Cancer is undoubtedly on the rise. It affects more and more people around us, from within our family and our circle of friends. Some of you might have even been diagnosed with cancer yourselves, either recently or in the past. As I dive more and more in studying cancer and its link to nutrition, I realize that many people think of the word cancer as a taboo, a topic they never want to talk about.
But I often wonder, is this a wise thing to do? In today’s world with such alarming cancer rates and even worse, with such alarming cancer incidence predictions, can we afford not to think about this serious disease?
The old saying says “know your enemy”, so I strongly believe that as a global community we should all really get to know what cancer is, and most importantly learn how to prevent it.
What is cancer?
There are more than 200 types of cancer. Cancer is the name given to a collection of related diseases which occur when cells become damaged and get out of control.
Cancer can start almost anywhere in the body, which is made up of trillions of cells. In all types of cancer, some of the body’s cells begin to “rebel” and stop following the rules of healthy cells.
Healthy cells grow and divide to form new cells as the body needs them. Usually the body has just the right number of each type of cell. The body produces signals to control how much and how often cells divide. When cells grow old or become damaged, they die with a process called apoptosis and new cells take their place.
When cancer develops, however, this orderly process breaks down. Changes in the genetic code (DNA) of cells make them grow out of control. Cells with damaged DNA have the ability to escape apoptosis and survive. These cells then start dividing without stopping and may eventually form a tumor.
Photo from http://www.healthykarnataka.org/operational-guidelines/cancer-cervix/overview-of-cervical-carcinoma
In this figure the division of normal cells is compared to the division of cells with damaged DNA which is uncontrolled and eventually leads to cancer initiation.
Many cancers form solid tumors, which are masses of tissue. Cancers of the blood, such as leukemia, generally do not form solid tumors.
Cancerous tumors are malignant, which means they can spread into or invade other tissues. They break off and travel to distant places in the body through the blood or the lymph system, where they form new tumors far from the original tumor.
Some tumors are benign. Unlike malignant tumors, benign tumors do not spread into or invade other tissues. Benign tumors can sometimes be quite large, however. When removed, they usually don’t grow back, whereas malignant tumors sometimes do. Unlike most benign tumors elsewhere in the body, benign brain tumors can be life threatening.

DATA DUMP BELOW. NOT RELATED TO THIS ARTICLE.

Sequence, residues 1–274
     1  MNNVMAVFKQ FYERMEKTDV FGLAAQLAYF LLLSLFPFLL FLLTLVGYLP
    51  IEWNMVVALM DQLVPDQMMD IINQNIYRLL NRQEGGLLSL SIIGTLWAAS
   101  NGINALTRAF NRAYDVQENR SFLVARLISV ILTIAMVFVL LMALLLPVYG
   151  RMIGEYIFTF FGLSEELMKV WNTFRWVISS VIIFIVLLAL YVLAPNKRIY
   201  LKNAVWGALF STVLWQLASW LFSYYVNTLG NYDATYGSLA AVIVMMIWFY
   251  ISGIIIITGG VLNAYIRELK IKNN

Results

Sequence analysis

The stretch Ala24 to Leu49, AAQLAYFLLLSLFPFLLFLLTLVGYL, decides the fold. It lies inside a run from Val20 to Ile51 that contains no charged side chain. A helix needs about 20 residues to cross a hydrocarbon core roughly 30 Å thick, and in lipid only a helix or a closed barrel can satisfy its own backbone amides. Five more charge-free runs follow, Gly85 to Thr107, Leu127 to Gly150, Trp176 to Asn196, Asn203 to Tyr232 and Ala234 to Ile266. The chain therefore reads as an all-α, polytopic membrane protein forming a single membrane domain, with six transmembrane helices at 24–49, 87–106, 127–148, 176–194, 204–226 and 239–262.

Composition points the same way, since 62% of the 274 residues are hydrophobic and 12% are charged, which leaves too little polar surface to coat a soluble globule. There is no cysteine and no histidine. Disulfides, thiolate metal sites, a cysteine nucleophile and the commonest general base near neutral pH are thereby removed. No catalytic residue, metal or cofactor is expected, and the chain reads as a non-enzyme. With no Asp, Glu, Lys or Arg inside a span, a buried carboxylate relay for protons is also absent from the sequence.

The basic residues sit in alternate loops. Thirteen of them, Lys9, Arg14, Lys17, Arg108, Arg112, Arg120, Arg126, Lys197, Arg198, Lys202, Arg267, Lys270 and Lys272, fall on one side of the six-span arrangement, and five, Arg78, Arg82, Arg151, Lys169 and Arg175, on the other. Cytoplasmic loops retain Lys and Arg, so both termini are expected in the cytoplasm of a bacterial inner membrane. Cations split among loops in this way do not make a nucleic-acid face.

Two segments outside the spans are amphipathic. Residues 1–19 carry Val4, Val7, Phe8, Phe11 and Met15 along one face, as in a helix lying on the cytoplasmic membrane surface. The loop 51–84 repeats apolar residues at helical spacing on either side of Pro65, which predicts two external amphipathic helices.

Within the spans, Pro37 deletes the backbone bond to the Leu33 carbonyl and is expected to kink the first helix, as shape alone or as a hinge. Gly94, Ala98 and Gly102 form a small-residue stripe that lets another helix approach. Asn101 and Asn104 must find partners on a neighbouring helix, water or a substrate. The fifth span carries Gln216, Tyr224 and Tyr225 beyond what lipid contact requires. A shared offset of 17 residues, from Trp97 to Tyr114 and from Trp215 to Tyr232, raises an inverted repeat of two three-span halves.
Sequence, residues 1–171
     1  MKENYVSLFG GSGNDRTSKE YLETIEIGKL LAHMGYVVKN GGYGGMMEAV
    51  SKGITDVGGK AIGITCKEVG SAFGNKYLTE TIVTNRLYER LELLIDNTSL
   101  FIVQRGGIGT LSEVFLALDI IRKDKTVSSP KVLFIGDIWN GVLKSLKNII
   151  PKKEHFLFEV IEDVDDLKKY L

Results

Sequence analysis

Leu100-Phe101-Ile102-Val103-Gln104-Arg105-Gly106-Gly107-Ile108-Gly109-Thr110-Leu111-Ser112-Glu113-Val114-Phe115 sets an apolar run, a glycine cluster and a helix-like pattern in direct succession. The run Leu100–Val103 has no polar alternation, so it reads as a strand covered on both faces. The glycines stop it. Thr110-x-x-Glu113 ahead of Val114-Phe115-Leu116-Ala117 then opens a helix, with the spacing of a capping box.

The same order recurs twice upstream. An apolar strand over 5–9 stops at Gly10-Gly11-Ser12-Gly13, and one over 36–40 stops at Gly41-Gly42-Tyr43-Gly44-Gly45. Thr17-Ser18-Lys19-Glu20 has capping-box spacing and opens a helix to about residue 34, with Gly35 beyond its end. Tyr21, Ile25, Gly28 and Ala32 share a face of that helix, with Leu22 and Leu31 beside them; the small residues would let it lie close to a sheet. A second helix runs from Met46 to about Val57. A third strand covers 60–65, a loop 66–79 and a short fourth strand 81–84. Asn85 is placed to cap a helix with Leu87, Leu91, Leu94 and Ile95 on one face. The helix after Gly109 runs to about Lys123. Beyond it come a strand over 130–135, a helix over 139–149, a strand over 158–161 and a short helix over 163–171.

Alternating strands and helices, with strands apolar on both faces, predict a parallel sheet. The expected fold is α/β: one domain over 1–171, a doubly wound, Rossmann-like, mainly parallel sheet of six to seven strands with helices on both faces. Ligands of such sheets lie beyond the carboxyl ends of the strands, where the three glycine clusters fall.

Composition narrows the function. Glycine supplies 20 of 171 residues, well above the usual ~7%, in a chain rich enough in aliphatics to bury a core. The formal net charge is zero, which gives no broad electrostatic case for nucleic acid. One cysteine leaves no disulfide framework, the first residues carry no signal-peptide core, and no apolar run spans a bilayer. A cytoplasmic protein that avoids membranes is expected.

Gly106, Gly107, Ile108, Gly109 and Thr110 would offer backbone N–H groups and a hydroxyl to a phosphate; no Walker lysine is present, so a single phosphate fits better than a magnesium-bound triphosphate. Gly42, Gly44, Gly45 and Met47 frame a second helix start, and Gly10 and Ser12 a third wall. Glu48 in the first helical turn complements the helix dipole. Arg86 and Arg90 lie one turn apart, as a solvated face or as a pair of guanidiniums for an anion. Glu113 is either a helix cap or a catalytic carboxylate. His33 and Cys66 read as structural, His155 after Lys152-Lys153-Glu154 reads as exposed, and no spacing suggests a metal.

A significant factor that allows the survival of cancerous cells is their ability to form new blood vessels, known as angiogenesis. Angiogenesis allows them to have their own supply of oxygen and nutrients necessary for their growth.
Cancer takes years to form
Not all rebel cells lead to cancer. This out of order cell behavior happens regularly over one’s lifespan, without necessarily leading to cancer. Actually, cells that can develop into cancer are often present in our bodies; they’re simply waiting for something to push them over the edge, to cause them to behave abnormally, to divide, multiply and invade.
Cancer development is gradual. It evolves over many years or even decades. This big time window allows us to intervene in order to keep potential tumors in a dormant state and to prevent them from developing and maturing.
Balance between cancer promoting and cancer preventing factors
More than half of the cancers occurring today are preventable by applying knowledge that is already available to scientists. There are many modifiable risk factors related to the development of cancer. The list is big but smoking, being overweight, lack of exercise and a bad diet are the main ones.
When it comes to diet, a low intake of fruits and vegetables together with a high intake of refined western foods, rich in sugar, salt and bad fats create an internal environment that promotes cancer.
On the contrary, a carefully selected diet has the ability to boost the body’s natural defenses against cancer. By strengthening the immune system, enhancing the body’s ability to detoxify, reducing inflammation and choosing a diet rich in natural anti-cancer molecules the body can fight cancer at its first stages of existence and increase the body’s ability to stabilize tumors over very long periods of time.
So, in a person’s lifetime, the balance between the cancer promoting and the cancer preventing factors will judge the body’s ability to remain healthy and keep cancer away.
Cancer is preventable
The World Health Organization estimates that up to 30-70% of cancers are preventable. Data from other official sources like the American Institute for Cancer Research (AICR), estimate that eating a healthful diet, being active and maintaining a healthful weight can prevent as many as 35-40% of cancers. The AICR suggests diet, weight and physical activity as the 3 cornerstones of cancer prevention and advises people to:
- Choose mostly plant foods, limit red and avoid processed meat,
- Aim to be at a healthy weight throughout life and
- Be physically active every day in any way for 30 minutes or more.
- Sharon R.Pine and Wenyu Liu. Asymmetric cell division and template DNA co-segregation in cancer stem cells. Frontiers in Oncology; 21 August 2014 http://dx.doi.org/10.3389/fonc.2014.00226 or
- World Health Organization: http://www.who.int/cancer/prevention/en/, accessed 22/10/2014
- American Institute for Cancer Research: http://www.aicr.org/reduce-your-cancer-risk/recommendations-for-cancer-prevention